Our brains begin to mature in the womb. They continue to mature throughout our lives, but everyone’s brain does not mature at the same rate. Our bodies develop at different rates. Children reach puberty at different ages, so our brains are no different. A group of children of the same chronological ages will not necessarily mean that they will all have the same readiness and ability to learn the same topic, skill or idea. Teachers and parents should be aware of this and use this to design strategies to work with children.
Children all learn in different ways. The maturity of a child's brain is a factor in learning differences, but it is not quite that simple. How a child learns depends on their age, brain maturity and level of development. There is also an influence from temperament, environment and genetics.
How is Memory Organised?
One of the most useful models for understanding memory was proposed by Lezak (1995). This is a three stage model, although the second stage has two or three parts, comprised of the following stages:
1 Attentional stage - registration
Sometimes called sensory memory, large amounts of information are held here for up to 2 seconds. Really it can be considered to be neither strictly a memory function, nor a perceptual one. Rather, it is a bit of both. If the information is not passed to short term memory it dissipates.
2 a) Immediate memory
This is often called working memory. It is where information is chosen to be retained by registration. It is only retained here temporarily, in reverberating neural circuits. Only as many as nine pieces of information can be held here before passing to more permanent storage. It lasts around 30 seconds to as long as several minutes unless it is sustained by rehearsal - the next stage.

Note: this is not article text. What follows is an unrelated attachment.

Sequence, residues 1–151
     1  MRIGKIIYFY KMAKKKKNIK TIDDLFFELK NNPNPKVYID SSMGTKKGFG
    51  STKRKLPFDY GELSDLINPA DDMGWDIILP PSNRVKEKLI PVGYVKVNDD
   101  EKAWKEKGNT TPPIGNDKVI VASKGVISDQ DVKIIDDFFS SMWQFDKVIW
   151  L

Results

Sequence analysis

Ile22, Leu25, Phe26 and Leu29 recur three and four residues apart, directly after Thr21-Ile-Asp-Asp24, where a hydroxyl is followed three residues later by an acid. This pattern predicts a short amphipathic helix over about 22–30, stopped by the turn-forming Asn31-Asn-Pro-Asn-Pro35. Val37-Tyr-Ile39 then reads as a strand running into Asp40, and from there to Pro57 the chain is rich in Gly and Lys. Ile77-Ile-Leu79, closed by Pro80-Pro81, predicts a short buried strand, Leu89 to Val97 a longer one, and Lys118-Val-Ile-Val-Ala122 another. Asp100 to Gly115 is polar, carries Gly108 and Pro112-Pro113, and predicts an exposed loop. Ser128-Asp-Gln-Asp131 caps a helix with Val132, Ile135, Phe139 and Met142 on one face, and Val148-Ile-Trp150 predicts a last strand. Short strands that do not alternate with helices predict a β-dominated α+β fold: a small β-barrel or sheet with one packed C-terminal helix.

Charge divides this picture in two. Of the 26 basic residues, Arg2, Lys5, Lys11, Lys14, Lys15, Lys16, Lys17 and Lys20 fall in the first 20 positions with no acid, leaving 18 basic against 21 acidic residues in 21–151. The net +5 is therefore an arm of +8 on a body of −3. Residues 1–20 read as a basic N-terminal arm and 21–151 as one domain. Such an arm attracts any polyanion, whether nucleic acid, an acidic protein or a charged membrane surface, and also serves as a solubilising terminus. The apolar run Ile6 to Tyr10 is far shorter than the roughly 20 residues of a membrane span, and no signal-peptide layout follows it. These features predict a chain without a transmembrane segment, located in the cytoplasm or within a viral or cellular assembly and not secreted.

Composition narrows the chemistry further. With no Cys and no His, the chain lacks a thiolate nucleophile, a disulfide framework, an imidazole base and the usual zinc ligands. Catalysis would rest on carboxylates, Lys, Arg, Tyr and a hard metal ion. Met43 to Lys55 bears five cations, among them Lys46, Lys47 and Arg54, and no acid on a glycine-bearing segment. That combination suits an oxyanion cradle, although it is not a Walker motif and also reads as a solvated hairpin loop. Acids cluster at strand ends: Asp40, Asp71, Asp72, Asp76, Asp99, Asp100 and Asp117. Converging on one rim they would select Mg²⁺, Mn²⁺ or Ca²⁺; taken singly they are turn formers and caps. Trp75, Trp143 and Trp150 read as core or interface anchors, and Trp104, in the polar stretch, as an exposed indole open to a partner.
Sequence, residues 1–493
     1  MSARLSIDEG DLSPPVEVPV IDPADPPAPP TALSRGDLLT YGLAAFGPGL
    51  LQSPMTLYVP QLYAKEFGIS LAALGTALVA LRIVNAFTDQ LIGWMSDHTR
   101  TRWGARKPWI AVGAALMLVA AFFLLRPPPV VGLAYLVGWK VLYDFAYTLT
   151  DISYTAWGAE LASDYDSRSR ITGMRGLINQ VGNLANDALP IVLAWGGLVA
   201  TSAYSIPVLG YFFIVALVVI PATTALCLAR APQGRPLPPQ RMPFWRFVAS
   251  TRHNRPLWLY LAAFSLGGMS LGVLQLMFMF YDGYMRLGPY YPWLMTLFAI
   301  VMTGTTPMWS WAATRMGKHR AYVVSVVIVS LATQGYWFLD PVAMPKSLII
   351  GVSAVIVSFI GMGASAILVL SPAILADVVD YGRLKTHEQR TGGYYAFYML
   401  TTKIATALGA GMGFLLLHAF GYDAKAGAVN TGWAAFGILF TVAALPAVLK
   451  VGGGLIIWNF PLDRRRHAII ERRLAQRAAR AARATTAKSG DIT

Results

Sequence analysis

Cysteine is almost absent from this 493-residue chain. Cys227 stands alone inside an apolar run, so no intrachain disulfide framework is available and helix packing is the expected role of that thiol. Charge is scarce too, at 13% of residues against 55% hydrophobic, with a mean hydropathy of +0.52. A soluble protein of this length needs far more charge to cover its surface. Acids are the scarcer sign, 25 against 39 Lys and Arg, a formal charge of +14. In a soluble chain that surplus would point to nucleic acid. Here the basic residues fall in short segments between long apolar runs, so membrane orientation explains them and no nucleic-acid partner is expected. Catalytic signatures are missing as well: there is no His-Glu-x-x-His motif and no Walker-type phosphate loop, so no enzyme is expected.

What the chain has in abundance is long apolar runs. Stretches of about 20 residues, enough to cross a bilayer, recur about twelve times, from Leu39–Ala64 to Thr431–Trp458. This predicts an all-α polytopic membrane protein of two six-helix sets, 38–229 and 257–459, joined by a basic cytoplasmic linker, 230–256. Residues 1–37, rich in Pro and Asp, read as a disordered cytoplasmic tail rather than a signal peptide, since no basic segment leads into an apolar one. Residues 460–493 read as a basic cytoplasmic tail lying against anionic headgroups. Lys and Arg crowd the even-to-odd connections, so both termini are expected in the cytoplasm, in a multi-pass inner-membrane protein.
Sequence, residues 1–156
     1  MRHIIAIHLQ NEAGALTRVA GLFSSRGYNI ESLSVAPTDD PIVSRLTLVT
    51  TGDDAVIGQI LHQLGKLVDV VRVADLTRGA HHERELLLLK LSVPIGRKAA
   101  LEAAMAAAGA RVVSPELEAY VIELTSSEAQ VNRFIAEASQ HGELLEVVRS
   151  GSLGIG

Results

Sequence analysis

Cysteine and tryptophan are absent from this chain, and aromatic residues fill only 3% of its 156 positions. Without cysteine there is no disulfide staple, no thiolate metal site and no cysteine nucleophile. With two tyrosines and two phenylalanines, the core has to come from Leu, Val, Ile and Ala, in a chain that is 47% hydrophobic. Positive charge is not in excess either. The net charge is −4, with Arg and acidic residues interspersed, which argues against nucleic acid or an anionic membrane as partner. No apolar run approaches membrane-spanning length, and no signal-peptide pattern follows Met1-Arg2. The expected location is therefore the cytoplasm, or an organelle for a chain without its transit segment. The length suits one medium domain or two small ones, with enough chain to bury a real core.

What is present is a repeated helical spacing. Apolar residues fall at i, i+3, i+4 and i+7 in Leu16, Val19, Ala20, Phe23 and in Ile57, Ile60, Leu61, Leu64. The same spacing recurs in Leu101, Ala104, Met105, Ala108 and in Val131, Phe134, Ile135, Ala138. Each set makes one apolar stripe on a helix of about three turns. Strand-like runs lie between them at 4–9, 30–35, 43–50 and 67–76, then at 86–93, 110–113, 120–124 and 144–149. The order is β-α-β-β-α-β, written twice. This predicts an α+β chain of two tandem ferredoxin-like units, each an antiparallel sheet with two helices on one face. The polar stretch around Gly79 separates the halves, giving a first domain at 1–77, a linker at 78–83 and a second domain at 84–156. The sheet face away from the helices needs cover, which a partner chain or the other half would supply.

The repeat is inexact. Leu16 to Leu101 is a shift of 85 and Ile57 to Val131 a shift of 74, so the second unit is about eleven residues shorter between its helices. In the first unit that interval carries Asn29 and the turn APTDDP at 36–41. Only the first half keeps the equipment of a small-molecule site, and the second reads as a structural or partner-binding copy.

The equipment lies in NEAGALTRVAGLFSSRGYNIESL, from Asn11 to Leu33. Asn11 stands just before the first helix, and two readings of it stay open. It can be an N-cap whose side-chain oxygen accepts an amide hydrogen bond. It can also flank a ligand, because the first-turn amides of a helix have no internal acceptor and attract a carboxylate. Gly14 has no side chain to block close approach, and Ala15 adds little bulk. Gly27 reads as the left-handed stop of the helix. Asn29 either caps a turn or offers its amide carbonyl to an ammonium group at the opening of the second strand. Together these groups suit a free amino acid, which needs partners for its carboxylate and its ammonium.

2 b) Rehearsal
Information may be kept in immediate memory for more than a few minutes if it is rehearsed.
2 c) Intermediate memory
This is different to immediate memory because information stored here can last for several hours to a couple of days. However, it is still not stored permanently yet. It is thought that it may involve a biochemical rather than electrophysiological mechanisms. Information here is still prone to interference but is relatively more permanent.
3 Long term memory
This is sometimes called remote memory or learning. It is organised on the basis of meaning rather than the sensory properties associated earlier stages of memory. Once these memories are encoded they are quite resilient to disruption. There does not seem to be a localised site in the brain for storage of long term memories. Instead, they would appear to involve neuronal connections from a range of cortical and sub-cortical centres. The formation of long term memories seems to be a biochemical process in which proteins are synthesised in neurons.
Effective Learning Needs to be Long Term
People who fund education (e.g. politicians, administrators, and even parents), tend to have a focus on "results" when considering education. They want value for the money being spent; and they will most often measure results in terms of how well students are being assessed. The problem with exams and other assessments though is that they may only be measuring short or intermediate term memory. To get a proper evaluation of any education, it may require time and patience; and this is a fact that is often just not understood.
Why Study This Course?
Educational psychology is relevant to not only teachers, but anyone and everyone who has an interest or concern in education. By understanding the psychology of education, you are in a far better position to influence education; whether as someone who works in that industry, or just someone who is concerned for some other reason.
Learn more about the theories of educational psychology and how they can be practically used in the educational environment.
Help children to improve their learning experience.
Learn to motivate students and encourage them to want to learn.
Use the theories and principles of psychology to improve your work with students.
Increase your own job and career prospects in the process.